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Publication numberUS6222696 B1
Publication typeGrant
Application numberUS 09/116,484
Publication dateApr 24, 2001
Filing dateJul 16, 1998
Priority dateJul 18, 1997
Fee statusPaid
Publication number09116484, 116484, US 6222696 B1, US 6222696B1, US-B1-6222696, US6222696 B1, US6222696B1
InventorsGwan-Il Kim
Original AssigneeSamsung Electronics Co., Ltd.
Export CitationBiBTeX, EndNote, RefMan
External Links: USPTO, USPTO Assignment, Espacenet
Head unlatch controlling method and arrangement in magnetic disk drive
US 6222696 B1
Abstract
In a head unlatch controlling method and arrangement in a hard disk drive head unlatch controlling method, a head unlatch operation is performed in an open loop mode, using a predetermined current profile. A determination is made as to whether servo information is accurately detected during the head unlatch operation in the open loop mode. If the servo information is accurately detected, the head unlatch operation is shifted from the open loop mode to a closed loop mode on the basis of the servo information. If the servo information is not accurately detected, the head unlatch operation continues in the open loop mode.
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Claims(15)
What is claimed is:
1. A head unlatch controlling method in a hard disk drive employing a magnetic latching mechanism, said method comprising the steps of:
(a) performing a head unlatch operation in an open loop mode, using a predetermined current profile;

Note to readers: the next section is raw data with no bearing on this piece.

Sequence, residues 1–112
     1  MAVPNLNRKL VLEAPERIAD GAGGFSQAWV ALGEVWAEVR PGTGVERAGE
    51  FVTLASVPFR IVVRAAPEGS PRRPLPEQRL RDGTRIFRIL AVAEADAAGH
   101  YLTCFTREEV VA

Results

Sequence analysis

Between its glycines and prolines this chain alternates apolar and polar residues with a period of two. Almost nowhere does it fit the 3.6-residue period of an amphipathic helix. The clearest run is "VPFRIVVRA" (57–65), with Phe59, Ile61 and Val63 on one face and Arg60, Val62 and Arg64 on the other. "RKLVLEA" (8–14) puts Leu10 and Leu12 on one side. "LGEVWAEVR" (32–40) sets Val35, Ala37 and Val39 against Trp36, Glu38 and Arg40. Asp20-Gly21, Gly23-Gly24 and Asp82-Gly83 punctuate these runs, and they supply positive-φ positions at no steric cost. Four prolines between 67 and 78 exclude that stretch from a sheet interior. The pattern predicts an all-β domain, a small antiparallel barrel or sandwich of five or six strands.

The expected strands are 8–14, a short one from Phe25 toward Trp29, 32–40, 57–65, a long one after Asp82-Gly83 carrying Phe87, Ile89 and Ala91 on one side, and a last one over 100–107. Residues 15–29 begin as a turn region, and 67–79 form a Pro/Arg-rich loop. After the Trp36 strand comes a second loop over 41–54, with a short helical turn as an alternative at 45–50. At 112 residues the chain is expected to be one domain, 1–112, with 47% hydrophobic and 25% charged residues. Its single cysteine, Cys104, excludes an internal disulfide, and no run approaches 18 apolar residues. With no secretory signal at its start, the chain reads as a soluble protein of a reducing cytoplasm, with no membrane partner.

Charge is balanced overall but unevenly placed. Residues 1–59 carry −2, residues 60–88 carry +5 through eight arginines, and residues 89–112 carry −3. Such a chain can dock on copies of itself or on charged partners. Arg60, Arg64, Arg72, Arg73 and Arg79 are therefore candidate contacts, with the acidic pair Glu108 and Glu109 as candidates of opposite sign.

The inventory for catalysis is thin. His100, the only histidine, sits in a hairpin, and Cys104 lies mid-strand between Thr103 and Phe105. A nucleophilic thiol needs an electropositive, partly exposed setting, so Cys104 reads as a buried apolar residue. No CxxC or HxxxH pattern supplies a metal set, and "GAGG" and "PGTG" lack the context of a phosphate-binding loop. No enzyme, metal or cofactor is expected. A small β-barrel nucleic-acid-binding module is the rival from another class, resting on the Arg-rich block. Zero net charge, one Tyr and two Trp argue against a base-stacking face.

(b) determining whether servo information is accurately detected during said step (a); and
(c) changing the head unlatch operation from the open loop mode to a closed loop mode when the servo information is accurately detected.
2. A head unlatch controlling method in ahard disk drive as claimed in claim 1, wherein said step (c) comprises the substeps of:
calculating a current speed of a head of said hard disk drive by using track information included in the servo information; and
applying a decelerating current, corresponding to the current speed of the head, to a servo driver for controlling the head.
3. A head unlatch controlling method in a hard disk drive as claimed in claim 2, wherein said step (c) further comprises the substeps of:
comparing the current speed of the head of said hard disk drive with a predetermined speed value; and
when the current speed of the head of said hard disk drive is smaller than the predetermined speed value, starting a track search of the disk of the hard disk drive.
4. A head unlatch controlling method in a hard disk drive as claimed in claim 3, wherein said step (c) further comprises the substep of:
when the current speed of the disk of the hard disk drive is not smaller than the predetermined speed value, returning to the step of calculating the current speed of the head of said hard disk drive.
5. A head unlatch controlling method in a hard disk drive as claimed in claim 1, wherein said step (c) further comprises the step of continuing the head unlatch operation in the open loop mode when the servo information is not accurately detected in step (b).
6. An arrangement for controlling a head unlatch operation in a hard disk drive which includes a head and a latching mechanism for latching the head, said arrangement comprising:
means for performing the head unlatch operation in an open loop mode using a predetermined current profile;
means for determining whether servo information is accurately detected during the performance of the head unlatch operation; and